Hardiness: USDA Zone 7b: to -14.9 °C (5 °F) USDA Zone 8a: to -12.2 °C (10 °F) USDA Zone 8b: to -9.4 °C (15 °F) USDA Zone 9a: to -6.6 °C (20 °F) USDA Zone 9b: to -3.8 °C (25 °F) USDA Zone 10a: to -1.1 °C (30 °F) USDA Zone 10b: to 1.7 °C (35 °F) USDA Zone 11: above 4.5 °C (40 °F)
Sun Exposure: Full Sun Sun to Partial Shade Light Shade
Bloom Color: Red
Bloom Time: Late Spring/Early Summer
Foliage: Grown for foliage Evergreen Mottled Succulent
Other details: Drought-tolerant; suitable for xeriscaping
Soil pH requirements: 6.6 to 7.5 (neutral)
Patent Information: Non-patented
Propagation Methods: By dividing rhizomes, tubers, corms or bulbs (including offsets) Allow cut surface to callous over before planting
Seed Collecting: Bag seedheads to capture ripening seed Allow pods to dry on plant; break open to collect seeds Allow seedheads to dry on plants; remove and collect seeds
On Jan 3, 2010, turektaylor from Elizabeth City, NC (Zone 8a) wrote:
one of my favorite succulents. i have mine on the SE side under my eaves against the wall. it needs afternoon protection from the sun here (8a)or it burns. it's in a newly formed bed and got the same amount of water as all my other moderate water need plants and seemed to thrive and reproduce well . i highly recommend to even
On Jan 26, 2008, QCHammy from San Tan Valley, AZ (Zone 9a) wrote:
Planted in full sun for more than half the day in Phoenix area caused some major sunburn to this plant (was an unusually long hot spell--more than 2 wks over 110 every day) but recovered well when temps dropped. Should probably provide a little more shade in a severe climate like ours.
On Feb 10, 2006, thistlesifter from Vista, CA wrote:
This plant grew totally neglected overgrown in a massive clump of Euphorbia canariensis for 18 years. The only sun it got was the tiny bit that filtered through the branches of the overgrowth. It formed beautiful normal clumps while never receiving anything but rainwater for those 18 years. Perfect drainage and I have no idea whether it flowered during that period.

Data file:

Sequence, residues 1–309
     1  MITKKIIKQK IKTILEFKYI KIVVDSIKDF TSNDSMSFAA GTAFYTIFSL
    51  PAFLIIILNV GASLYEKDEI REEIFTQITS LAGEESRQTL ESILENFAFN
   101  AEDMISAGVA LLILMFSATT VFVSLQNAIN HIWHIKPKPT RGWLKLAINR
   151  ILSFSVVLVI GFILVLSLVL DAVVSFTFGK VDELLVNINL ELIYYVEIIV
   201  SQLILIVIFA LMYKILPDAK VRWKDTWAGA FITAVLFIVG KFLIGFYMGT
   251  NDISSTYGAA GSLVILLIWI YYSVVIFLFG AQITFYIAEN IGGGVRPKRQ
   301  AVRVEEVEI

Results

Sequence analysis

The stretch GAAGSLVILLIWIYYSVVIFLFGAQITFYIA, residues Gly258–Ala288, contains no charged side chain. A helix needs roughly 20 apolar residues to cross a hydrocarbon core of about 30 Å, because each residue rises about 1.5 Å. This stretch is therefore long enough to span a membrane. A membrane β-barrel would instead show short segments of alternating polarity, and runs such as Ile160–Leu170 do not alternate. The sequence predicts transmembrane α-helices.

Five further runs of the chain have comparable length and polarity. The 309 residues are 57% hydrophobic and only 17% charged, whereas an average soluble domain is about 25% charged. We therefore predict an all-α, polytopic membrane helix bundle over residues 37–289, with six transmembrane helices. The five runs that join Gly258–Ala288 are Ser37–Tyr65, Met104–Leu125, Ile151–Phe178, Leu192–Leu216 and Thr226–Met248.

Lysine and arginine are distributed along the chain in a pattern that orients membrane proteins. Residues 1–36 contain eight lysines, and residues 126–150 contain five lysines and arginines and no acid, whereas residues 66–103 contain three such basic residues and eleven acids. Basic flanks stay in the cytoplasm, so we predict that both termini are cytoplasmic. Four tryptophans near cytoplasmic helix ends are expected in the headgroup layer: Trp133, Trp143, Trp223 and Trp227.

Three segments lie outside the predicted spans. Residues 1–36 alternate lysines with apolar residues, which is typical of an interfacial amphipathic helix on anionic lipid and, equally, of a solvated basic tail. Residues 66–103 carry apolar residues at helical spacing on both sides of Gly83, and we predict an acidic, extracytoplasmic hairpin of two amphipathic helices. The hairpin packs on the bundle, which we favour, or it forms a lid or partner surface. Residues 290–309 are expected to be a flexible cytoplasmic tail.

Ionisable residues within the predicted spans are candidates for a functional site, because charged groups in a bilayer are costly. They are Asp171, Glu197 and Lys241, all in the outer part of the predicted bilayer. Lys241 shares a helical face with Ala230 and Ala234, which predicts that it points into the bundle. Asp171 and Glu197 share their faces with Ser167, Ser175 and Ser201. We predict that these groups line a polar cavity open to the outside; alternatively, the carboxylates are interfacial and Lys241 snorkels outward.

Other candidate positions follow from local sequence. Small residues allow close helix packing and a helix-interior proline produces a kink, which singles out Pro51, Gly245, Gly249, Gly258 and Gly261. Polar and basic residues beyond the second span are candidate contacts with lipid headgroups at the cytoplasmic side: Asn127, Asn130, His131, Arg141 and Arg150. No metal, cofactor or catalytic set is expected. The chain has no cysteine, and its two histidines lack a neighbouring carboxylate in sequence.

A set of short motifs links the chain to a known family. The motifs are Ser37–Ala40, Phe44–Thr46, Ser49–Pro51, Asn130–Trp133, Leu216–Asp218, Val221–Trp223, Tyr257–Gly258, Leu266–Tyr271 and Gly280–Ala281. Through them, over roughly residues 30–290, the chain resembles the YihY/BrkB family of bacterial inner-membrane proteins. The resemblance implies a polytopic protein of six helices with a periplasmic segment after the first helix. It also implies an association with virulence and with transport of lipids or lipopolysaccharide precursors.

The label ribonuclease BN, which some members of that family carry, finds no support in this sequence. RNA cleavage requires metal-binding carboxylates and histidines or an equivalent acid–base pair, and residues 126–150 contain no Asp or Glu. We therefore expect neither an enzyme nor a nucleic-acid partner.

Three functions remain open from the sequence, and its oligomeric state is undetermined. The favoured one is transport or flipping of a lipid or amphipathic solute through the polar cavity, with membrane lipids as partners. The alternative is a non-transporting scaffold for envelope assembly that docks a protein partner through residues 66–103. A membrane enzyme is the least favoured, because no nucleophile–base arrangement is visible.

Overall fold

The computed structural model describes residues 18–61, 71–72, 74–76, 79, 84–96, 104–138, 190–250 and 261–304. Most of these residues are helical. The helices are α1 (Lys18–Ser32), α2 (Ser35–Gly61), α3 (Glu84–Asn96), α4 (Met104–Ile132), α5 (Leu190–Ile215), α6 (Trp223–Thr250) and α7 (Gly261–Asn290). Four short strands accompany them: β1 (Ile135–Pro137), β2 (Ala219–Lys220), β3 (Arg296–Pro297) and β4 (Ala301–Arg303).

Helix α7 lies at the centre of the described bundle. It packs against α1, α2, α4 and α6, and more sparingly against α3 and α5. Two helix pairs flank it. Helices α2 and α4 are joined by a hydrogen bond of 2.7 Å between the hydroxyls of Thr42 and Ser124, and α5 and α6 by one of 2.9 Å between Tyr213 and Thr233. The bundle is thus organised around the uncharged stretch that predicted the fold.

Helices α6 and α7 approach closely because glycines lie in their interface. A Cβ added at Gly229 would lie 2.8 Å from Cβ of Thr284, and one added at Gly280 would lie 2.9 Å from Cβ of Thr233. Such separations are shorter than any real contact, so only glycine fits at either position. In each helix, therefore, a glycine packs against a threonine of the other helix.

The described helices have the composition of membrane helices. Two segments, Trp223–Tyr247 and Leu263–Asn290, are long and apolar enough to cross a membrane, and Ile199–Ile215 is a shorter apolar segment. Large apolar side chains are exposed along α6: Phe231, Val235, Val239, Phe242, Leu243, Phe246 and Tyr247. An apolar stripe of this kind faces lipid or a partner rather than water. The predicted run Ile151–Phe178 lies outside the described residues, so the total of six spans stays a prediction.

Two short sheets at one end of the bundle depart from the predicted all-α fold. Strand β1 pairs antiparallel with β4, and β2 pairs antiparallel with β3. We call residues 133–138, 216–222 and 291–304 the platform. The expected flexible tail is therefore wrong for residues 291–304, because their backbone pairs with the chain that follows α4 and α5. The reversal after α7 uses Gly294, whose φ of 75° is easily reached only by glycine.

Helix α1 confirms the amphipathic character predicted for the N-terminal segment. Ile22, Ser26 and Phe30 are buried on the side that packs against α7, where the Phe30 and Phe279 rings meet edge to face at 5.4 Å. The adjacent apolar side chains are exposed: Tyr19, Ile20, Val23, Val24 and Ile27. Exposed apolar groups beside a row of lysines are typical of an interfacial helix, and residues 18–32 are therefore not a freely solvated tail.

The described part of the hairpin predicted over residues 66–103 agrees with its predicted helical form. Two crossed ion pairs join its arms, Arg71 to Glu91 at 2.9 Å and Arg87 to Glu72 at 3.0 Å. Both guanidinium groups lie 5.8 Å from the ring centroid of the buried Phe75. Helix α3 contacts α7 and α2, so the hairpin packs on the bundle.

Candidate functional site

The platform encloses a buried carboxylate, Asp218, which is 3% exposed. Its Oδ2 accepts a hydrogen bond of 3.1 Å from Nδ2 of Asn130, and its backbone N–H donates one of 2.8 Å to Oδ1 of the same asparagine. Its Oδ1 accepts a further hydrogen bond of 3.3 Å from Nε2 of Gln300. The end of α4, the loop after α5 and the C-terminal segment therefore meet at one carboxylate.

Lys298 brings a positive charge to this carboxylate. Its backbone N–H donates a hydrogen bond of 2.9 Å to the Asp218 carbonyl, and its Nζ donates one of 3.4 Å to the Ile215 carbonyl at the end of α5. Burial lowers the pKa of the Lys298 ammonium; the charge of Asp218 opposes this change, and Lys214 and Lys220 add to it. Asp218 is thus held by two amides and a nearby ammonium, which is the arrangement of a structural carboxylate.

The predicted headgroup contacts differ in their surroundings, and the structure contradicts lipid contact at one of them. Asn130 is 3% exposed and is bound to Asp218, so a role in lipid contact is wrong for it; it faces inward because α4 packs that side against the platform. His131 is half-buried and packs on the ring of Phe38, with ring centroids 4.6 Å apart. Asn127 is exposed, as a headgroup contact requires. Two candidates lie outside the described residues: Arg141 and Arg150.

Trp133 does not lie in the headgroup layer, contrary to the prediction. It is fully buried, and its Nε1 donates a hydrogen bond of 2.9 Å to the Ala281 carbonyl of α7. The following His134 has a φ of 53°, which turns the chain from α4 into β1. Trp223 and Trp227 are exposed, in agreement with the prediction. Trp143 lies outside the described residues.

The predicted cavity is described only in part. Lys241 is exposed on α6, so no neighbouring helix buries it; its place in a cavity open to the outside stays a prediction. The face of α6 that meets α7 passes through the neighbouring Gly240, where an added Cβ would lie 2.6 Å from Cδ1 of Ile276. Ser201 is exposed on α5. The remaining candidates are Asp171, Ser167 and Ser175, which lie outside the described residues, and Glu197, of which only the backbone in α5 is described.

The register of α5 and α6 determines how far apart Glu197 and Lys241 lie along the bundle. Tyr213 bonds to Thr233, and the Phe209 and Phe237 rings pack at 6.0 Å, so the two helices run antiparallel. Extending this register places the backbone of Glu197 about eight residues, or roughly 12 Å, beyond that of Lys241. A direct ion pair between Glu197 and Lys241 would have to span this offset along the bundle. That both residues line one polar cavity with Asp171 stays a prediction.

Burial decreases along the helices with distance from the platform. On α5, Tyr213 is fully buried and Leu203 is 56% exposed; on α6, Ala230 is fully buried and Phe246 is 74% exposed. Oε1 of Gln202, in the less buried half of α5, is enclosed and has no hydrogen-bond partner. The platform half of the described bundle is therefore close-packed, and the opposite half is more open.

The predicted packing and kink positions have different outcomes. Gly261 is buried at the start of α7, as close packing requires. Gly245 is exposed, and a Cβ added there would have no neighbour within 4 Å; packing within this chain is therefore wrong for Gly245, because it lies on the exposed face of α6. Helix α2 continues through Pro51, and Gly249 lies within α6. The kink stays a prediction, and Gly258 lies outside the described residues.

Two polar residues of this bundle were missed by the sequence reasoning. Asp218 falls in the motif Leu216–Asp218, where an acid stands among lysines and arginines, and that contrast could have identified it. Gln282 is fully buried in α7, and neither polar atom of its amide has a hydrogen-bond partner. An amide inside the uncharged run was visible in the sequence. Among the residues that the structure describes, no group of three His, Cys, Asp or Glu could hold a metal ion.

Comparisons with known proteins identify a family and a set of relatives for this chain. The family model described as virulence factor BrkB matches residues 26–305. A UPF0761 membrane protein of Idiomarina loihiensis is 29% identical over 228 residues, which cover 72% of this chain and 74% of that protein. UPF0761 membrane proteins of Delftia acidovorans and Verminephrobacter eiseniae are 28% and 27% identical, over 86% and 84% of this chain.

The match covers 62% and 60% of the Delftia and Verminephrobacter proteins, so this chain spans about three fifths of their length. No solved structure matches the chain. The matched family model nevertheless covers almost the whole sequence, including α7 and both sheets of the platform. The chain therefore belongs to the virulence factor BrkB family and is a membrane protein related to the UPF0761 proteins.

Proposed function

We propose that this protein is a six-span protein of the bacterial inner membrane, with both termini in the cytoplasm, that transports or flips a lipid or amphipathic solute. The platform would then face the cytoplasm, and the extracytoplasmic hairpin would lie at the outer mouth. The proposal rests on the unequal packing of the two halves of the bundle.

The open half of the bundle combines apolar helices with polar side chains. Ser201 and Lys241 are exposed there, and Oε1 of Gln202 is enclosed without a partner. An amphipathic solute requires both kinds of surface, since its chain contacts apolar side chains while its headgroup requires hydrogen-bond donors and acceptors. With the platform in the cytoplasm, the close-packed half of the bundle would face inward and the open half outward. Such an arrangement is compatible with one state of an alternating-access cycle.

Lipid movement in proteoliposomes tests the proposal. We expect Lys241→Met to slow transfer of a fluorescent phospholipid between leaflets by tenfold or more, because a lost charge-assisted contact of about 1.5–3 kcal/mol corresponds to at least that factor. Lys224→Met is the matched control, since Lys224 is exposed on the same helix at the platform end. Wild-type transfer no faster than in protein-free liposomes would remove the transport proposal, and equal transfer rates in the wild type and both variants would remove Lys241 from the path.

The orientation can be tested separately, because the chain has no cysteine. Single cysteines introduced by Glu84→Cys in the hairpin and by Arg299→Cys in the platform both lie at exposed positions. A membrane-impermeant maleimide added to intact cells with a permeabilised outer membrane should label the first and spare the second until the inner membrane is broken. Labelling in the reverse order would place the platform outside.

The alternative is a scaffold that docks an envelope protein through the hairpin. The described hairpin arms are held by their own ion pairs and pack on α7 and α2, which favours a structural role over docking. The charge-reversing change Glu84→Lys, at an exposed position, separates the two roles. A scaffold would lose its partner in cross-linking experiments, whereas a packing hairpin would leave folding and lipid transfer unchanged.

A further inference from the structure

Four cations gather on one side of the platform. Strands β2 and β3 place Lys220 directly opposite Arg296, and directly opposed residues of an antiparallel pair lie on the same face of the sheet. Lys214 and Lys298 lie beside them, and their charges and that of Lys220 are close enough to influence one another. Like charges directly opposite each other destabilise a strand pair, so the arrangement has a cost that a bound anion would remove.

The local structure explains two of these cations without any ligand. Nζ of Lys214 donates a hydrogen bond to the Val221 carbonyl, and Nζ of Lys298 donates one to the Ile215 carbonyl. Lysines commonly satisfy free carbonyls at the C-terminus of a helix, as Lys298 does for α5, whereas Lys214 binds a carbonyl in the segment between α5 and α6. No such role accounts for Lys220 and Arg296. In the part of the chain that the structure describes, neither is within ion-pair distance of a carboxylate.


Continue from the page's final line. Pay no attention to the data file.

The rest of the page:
On the due north side of the euphorbia cananiensis clump I found a single plant head of this Aloe aristata that was etiolated to a 10" tall, yet still a lovely plant and it was in complete shade with no exposure to sun and shrouded entirely by the overgrowth so it was dark. I would have to cut several 3' branches of the euphorbia to remove the a. aristata growing here.
I bet this will make an excellent indoor aloe if not coddled with too much water.
On Mar 24, 2005, pete2255 from South East United Kingdom (Zone 8a) wrote:
Grows well outdoors in S E England takes at least -6 deg C.
Needs to be well drained soil, but normal winter wet is not a problem. Flowers every year for me in sun and partial shade and forms quite large clumps.
On Jul 20, 2004, greenlarry from Darlington United Kingdom wrote:
Known as Lace Aloe.
A lovely little plant, ideal for beginners. Can be just left to itself, and produces lots of pups from the base. Will also flower readily provided it gets plenty of sunlight in summer.
Has white whiskers at ends of leaves.
Reduce water in winter - don't worry if it shrivels - then resume watering in spring, repotting if necessary.
On Jan 11, 2004, palmbob from Tarzana, CA (Zone 9b) wrote:
small attractive aloe that looks a lot like a giant Haworthia. Has numerous leaves, pointed up in a rosette with little white tuberuncles all over them. Flowers on multiple branches and usually dull red to pinkish- flower dwarfs the plant, though. When not watered well, leaves tend to curl inwards and darken, giving the whole plant a curious unhealthy globoid look, like something about to rot. Definitely more attractive if given water, just not natural. I know it's supposed to get less water in winter, but here in southern California winter is often the only time these get water, and sometimes it rains a LOT... surprisingly it does fine with this deluge of cold water in during the coldest time of the year- even tends to look great. Wouldn't recommend this, however, in colder or more humid climates, or indoor plants.
Native of S Africa.
Very commonly hybridized with Gasteria sp. for a larger, thicker, hardier plant, still with the same color and spotting.
This plant has been said to grow in the following regions:
Phoenix, Arizona Queen Creek, Arizona Brentwood, California Carlsbad, California La Presa, California Los Angeles, California Mission Viejo, California Norwalk, California Oak View, California Reseda, California Thousand Oaks, California Vista, California Metairie, Louisiana Elizabeth City, North Carolina Dripping Springs, Texas San Leanna, Texas Vienna, Wisconsin